Covid-19 cases on the increase in Ireland
The number of reported cases of Covid-19 in Ireland has begun to increase, the chief medical officer warned.
Some new clusters have been established.
The country had driven down the number of infections in recent weeks.
Dr Tony Holohan said: “We are starting to see a worrying trend, with the number of reported cases increasing, and some new clusters.”
There were no new deaths reported to the Health Protection Surveillance Centre on Monday.
There has now been 1,735 Covid-19 related deaths.
As of midnight Sunday June 28, public health chiefs have been notified of 24 confirmed cases, bringing the total to 25,462.
Dr Holohan said: “As restrictions are lifted and people move about more, it is important that we use the tools that have helped us suppress the virus to date.
“Hand washing, physical distancing, cough/sneeze hygiene and wearing face coverings are important personal behaviours that mean, as we go about our daily lives, that we are doing everything we can to avoid contracting the virus and spreading it to those we love.”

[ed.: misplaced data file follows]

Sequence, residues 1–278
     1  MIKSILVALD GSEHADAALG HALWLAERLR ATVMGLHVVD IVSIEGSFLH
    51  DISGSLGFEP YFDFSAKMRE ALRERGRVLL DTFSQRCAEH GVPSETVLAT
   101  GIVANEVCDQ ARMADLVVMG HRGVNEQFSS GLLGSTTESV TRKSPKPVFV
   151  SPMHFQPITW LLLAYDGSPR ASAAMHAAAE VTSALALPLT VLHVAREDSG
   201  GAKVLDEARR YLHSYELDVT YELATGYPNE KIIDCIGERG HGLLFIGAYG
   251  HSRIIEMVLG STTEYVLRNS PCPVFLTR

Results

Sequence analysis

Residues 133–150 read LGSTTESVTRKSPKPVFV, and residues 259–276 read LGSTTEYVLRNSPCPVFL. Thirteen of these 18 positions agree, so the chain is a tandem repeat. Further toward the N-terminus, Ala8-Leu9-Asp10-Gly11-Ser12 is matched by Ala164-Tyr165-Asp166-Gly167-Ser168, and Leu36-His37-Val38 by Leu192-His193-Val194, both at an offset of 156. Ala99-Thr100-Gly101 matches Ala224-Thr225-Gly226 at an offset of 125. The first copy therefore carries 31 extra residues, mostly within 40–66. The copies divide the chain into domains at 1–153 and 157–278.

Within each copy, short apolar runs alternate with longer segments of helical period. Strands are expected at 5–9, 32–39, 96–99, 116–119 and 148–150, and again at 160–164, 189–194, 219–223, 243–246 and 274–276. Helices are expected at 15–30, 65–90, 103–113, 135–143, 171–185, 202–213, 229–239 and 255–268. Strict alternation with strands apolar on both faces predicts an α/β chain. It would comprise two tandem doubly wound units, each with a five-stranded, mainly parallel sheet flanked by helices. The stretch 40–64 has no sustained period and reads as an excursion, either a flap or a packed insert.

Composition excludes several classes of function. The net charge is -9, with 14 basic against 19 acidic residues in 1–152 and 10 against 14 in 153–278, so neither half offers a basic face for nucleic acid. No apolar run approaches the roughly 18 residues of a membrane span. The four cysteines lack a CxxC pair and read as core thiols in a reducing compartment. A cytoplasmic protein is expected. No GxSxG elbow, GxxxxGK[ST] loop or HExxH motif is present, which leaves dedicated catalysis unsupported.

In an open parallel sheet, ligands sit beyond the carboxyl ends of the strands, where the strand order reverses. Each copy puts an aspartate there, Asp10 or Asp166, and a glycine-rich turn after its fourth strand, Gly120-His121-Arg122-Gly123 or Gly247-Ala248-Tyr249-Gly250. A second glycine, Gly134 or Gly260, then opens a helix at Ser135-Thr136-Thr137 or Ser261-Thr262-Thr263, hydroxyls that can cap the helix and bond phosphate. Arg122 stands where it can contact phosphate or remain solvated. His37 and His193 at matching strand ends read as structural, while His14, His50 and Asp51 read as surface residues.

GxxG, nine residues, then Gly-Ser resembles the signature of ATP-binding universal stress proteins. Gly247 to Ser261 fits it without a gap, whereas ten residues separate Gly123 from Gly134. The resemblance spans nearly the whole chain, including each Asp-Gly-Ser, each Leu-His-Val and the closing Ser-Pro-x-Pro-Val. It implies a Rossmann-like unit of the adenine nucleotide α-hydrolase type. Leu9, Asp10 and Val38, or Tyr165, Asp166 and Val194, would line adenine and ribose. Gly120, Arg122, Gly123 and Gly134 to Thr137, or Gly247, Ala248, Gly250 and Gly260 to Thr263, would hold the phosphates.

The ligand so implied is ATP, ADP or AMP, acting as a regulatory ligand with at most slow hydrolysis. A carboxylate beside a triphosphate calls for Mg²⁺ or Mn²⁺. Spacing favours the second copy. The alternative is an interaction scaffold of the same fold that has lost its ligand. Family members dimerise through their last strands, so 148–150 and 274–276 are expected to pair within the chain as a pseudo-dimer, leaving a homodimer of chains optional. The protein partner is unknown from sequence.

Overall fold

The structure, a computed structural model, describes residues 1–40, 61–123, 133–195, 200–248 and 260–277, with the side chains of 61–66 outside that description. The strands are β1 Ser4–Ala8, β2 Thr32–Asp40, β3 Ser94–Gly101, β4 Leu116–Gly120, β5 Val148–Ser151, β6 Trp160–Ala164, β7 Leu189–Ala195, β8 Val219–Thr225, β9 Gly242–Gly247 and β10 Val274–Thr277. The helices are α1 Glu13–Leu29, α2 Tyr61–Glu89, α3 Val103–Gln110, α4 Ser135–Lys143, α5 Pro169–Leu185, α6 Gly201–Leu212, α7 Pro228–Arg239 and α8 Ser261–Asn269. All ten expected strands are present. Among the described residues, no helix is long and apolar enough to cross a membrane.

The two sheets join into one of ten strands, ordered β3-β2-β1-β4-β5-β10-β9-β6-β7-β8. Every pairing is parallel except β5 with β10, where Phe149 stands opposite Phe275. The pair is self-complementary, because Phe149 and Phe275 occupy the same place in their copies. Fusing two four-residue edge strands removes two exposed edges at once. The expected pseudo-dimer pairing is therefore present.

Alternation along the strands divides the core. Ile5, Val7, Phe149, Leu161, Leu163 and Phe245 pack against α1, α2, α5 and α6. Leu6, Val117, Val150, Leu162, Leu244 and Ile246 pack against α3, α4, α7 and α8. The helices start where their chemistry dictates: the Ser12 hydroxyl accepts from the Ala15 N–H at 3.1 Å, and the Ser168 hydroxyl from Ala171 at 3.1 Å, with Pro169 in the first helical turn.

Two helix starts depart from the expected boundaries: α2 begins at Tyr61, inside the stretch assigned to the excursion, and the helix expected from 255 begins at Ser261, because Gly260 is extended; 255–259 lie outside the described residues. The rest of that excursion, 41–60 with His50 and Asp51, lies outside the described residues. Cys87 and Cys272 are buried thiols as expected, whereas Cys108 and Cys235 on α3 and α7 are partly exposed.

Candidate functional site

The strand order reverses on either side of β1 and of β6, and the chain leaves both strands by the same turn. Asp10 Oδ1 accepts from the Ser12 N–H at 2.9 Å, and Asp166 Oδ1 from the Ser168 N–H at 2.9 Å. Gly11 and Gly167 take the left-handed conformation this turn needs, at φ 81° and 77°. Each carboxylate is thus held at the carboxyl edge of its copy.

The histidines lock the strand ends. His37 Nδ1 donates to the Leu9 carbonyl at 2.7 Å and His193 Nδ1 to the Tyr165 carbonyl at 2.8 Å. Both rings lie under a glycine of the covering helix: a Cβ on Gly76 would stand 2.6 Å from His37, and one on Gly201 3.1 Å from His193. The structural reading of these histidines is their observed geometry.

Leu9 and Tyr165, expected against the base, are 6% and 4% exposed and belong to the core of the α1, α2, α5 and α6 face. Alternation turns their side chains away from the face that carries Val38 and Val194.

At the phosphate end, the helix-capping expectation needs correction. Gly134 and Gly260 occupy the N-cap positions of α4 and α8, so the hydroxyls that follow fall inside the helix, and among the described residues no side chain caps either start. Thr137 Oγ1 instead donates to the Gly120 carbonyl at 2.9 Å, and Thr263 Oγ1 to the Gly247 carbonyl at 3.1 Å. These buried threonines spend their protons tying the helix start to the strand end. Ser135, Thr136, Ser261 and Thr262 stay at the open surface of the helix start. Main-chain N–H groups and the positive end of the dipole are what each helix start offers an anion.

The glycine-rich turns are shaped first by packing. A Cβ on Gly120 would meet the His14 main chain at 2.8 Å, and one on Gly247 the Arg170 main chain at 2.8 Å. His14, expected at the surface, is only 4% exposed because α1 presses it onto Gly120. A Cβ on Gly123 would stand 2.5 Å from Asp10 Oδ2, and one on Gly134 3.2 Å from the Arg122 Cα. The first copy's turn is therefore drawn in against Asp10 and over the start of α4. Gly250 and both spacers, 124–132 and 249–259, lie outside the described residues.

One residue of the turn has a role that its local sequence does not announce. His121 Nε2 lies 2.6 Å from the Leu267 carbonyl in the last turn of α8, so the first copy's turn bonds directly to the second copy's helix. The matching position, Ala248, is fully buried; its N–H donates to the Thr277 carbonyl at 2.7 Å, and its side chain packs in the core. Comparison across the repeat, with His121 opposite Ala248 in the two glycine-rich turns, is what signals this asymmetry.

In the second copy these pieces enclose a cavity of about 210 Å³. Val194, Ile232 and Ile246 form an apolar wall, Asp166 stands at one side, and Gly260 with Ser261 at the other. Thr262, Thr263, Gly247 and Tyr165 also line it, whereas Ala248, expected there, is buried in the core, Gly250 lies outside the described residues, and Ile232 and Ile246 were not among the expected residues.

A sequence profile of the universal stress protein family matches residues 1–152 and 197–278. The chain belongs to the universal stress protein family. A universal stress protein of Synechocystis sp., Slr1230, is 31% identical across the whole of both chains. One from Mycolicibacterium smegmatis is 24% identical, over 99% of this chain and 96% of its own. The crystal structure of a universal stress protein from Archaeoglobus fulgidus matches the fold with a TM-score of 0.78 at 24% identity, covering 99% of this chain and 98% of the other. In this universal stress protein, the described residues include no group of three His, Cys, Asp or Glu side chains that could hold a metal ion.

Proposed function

At least six new Covid-19 cases in Ireland were associated with international travel, health chiefs warned on Monday.
The chief medical officer has said he is deeply worried at the prospect of greater foreign travel associated with easing restrictions next month.
Irish ministers had been intending to put in place air bridges with countries with low coronavirus infection rates by July 9 allowing them to bypass quarantine in an effort to boost tourism.
Dr Holohan has expressed concern at the plan and said many of the most popular European holiday spots did not have low enough disease rates to encourage travel to there.
Dr Ronan Glynn, deputy chief medical Officer, said: “Today we are reporting at least six cases associated with international travel.
“Many countries around the world are still experiencing high and increasing levels of this disease.
“Last week, there were over 1.1 million cases reported and there have now been over 10 million cases reported globally to date.
“The risk of imported cases remains high. It’s important that we continue to avoid all unnecessary travel at this time.”